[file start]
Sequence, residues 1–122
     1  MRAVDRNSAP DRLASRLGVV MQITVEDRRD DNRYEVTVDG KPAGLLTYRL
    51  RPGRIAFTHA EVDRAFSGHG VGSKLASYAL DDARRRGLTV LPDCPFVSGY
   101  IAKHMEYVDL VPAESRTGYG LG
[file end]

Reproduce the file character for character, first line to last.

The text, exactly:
Sequence, residues 1–122
     1  MRAVDRNSAP DRLASRLGVV MQITVEDRRD DNRYEVTVDG KPAGLLTYRL
    51  RPGRIAFTHA EVDRAFSGHG VGSKLASYAL DDARRRGLTV LPDCPFVSGY
   101  IAKHMEYVDL VPAESRTGYG LG